Without Joel Schumacher, we probably wouldn't have Buffy the Vampire Slayer, Twilight, The Vampire Diaries, or even Peacock's upcoming Vampire Academy series. Thirty-five years ago, the late director known for his stylish flare and finely-calibrated sense of camp quite literally invented the coming-of-age vampire sub-genre with a little picture called The Lost Boys. You might have heard of it...
"Prior to that, it was always scary, ancient Peter Cushing or the classic old Dracula," the movie's production designer, Bo Welch, tells SYFY WIRE over Zoom. "So that really was big when you see what happened in subsequent years with vampire movies. Joel nailed the sexy young vampire thing."
Richard Donner — the filmmaker responsible for mega-box office hits like Superman and The Goonies — was originally slated to helm the project until he was forced to abdicate the director's chair over his commitment to Lethal Weapon. Had Donner gone through with The Lost Boys, however, it might have turned out "like vampire-Goonies," Welch posits. "But that would have been sad to follow up Goonies with a Goonie-age bracket vampire thing. So Donner bowed out of that. He remained as producer and was just an incredible positive energy towards the execution of this movie. There were tremendous people involved in this thing."
This was only the beginning of an impressive production design career for Welch, whose resume would go on to include Beetlejuice, Batman Returns, Men in Black, the first Thor, Land of the Lost, and Netflix's A Series of Unfortunate Events (among others). In fact, The Lost Boys marked the professional starting point for several longtime Hollywood veterans such as Kiefer Sutherland and Alex Winter — the latter of whom never expected to see the film live past the decade in which it was made.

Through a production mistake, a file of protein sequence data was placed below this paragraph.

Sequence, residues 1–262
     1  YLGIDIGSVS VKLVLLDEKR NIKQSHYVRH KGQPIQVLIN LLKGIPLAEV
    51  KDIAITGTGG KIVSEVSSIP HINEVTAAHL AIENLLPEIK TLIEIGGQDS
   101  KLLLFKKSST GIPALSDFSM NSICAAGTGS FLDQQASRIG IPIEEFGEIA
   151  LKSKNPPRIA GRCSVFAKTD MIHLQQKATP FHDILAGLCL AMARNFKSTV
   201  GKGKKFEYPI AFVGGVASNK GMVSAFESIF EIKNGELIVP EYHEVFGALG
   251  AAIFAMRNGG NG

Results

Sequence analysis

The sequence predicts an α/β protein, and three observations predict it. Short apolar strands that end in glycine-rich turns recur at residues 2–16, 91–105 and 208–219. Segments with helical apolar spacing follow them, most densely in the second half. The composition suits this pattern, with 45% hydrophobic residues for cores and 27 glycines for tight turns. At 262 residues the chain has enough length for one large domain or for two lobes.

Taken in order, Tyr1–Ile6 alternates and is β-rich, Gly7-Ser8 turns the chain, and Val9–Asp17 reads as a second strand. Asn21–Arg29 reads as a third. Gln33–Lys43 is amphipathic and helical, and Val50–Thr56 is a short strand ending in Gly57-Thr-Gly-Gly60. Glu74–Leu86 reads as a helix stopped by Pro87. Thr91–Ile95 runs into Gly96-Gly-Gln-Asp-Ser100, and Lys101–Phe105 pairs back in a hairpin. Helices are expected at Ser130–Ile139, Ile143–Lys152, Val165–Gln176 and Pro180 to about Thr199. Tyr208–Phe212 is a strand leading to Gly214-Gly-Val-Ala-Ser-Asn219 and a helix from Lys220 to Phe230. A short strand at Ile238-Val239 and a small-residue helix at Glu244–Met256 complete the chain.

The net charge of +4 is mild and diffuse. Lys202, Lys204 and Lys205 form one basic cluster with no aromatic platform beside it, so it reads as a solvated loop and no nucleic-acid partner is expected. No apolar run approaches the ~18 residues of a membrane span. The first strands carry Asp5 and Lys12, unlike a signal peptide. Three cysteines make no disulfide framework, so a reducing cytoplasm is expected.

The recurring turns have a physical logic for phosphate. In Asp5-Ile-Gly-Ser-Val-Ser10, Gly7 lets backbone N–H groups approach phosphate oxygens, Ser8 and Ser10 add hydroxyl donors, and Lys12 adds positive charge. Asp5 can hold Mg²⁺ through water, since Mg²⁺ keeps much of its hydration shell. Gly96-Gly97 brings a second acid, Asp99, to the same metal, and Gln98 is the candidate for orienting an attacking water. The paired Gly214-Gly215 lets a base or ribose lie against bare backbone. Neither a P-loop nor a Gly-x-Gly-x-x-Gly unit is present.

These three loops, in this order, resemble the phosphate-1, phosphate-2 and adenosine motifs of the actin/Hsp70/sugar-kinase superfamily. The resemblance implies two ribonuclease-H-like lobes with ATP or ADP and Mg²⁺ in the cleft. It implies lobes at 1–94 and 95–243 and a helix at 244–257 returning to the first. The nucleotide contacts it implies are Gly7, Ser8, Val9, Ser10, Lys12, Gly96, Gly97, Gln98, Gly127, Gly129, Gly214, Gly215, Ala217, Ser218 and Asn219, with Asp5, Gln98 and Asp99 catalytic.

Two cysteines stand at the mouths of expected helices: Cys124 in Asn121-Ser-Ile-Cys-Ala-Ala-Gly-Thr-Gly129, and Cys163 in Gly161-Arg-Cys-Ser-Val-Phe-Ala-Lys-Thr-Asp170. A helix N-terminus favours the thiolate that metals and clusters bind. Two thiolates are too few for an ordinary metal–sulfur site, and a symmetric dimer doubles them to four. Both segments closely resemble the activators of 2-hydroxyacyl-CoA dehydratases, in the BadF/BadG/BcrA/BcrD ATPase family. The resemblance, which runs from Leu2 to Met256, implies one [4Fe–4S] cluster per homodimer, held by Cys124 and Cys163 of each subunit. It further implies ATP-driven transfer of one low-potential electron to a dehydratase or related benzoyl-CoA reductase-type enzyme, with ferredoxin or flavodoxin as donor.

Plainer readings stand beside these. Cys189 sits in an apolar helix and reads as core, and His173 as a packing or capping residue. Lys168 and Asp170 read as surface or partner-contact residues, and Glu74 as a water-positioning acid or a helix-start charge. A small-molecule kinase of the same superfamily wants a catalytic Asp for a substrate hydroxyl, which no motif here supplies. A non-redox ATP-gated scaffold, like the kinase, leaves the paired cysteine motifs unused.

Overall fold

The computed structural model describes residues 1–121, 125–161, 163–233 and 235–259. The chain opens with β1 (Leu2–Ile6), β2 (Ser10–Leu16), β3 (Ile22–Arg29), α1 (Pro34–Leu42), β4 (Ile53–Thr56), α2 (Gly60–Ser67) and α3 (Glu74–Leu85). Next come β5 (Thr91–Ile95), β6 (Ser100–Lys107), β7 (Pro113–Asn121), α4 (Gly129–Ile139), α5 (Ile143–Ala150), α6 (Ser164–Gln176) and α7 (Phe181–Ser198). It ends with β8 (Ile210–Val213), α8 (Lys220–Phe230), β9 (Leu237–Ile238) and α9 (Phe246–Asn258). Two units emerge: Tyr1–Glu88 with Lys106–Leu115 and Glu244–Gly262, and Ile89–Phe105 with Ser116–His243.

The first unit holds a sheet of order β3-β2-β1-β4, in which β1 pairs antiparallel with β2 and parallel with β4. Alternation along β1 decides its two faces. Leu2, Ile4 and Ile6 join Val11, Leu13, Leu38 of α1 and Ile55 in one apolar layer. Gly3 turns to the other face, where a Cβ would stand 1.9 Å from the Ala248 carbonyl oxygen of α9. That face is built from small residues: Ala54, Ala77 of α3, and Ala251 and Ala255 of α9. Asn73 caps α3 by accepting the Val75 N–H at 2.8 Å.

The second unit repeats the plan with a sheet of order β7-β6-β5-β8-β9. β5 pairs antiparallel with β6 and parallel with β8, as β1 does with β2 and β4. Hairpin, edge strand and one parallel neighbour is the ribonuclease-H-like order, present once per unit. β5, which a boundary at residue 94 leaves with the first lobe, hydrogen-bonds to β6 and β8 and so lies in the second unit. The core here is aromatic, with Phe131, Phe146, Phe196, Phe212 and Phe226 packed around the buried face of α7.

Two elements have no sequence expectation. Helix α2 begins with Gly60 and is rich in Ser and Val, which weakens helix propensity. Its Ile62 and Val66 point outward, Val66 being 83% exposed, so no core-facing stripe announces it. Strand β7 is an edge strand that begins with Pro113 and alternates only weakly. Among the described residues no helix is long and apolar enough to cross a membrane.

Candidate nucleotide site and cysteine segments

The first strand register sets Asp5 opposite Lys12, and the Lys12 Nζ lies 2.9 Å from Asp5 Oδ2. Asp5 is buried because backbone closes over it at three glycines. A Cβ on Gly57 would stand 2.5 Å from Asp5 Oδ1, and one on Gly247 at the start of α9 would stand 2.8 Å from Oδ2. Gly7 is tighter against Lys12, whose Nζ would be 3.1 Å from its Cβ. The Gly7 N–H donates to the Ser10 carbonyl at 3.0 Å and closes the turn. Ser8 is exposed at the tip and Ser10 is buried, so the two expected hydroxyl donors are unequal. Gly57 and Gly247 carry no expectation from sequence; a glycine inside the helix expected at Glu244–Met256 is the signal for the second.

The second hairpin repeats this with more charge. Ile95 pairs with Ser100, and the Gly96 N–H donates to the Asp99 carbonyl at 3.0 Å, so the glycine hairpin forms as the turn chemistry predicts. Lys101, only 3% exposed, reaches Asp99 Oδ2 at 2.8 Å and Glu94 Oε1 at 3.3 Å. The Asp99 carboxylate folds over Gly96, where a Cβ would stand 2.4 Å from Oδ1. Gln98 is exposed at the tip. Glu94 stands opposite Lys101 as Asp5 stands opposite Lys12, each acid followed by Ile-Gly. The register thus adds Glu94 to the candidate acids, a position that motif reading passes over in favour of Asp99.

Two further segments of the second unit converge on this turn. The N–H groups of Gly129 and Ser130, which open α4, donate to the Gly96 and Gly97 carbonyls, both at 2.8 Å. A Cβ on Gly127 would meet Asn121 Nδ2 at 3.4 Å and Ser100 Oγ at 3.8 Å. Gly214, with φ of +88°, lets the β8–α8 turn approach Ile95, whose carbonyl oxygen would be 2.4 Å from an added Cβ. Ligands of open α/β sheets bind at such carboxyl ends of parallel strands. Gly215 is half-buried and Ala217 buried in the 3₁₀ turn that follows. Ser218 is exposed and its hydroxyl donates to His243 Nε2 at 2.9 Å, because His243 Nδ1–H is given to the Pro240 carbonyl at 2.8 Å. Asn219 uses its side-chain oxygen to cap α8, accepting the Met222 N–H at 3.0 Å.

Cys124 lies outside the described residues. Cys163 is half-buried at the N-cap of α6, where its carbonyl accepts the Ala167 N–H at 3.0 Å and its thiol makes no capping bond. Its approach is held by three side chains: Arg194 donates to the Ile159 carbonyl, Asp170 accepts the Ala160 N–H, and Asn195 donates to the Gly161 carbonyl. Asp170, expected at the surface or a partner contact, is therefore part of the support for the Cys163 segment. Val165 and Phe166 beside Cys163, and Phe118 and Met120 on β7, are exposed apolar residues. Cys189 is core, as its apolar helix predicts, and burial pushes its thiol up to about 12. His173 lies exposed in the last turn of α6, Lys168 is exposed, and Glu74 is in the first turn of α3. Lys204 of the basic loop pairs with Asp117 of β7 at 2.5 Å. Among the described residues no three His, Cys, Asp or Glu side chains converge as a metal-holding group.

"It's such an idiosyncratic movie, that it never occurred to me that it would survive its era," admits Winter, who would become a household name two years later with the release of Bill & Ted's Excellent Adventure. "It felt like a movie for the ‘80s, about the ‘80s, and that it would be done when the ‘80s were done. And not in a disparaging way — it's such a specific movie to the times. I was just in London, we showed it at the Prince Charles Cinema in London, in Soho. It was totally packed. I took my son, who's 12 [and had] never seen it. He had a great time. It just kind of reminded me that, ‘Well, at the end of the day, it's an entertaining movie,’ which is why I think it’s stood the test of time."
That's not to say he didn't have misgivings before principal photography began in earnest in the summer of 1986. "I was like, ‘This is either going to be like an absolute masterpiece, or it's going to be unwatchably bad.’" The studio had a similar worry: "Warner Bros. did not like what they were seeing; they did not understand his vision and they were so afraid they'd hired the wrong director and that he was making this crazy ass Grand Guignol nonsensical thing that was neither a comedy nor a horror film nor for kids nor for adults. There was so much pressure on him."
Written by Janice Fischer, Jeffrey Boam, and James Jeremias, The Lost Boys centers around Michael and Sam Emerson (played by Jason Patric and the late Corey Haim), two brothers who relocate to the fictional California town of Santa Carla with their recently-divorced mother, Lucy (Dianne Wiest). After moving in with their eccentric grandfather (Barnard Hughes), the siblings learn that the seaside hamlet serves as the feeding ground for a pack of ageless and motorcycle-riding vampires led by Sutherland's David.
Once the sun dips below the horizon, David and his undead cohorts — Marko (Winter), Dwayne (Billy Wirth), and Paul (Brooke McCarter) — leave the safety of their coastal cave to stalk fresh victims along the boardwalk. Entranced by vampire-to-be Star (Jami Gertz), Michael falls in with the creatures of the night before realizing the error of his ways and recruiting Sam and the comic book-loving Frog brothers (portrayed by Corey Feldman and Jamison Newlander) to help break the sinister curse.
While Fischer, Boam, and Jeremias got their names on the finished screenplay, Patric asserts that Schumacher also deserved a major script credit: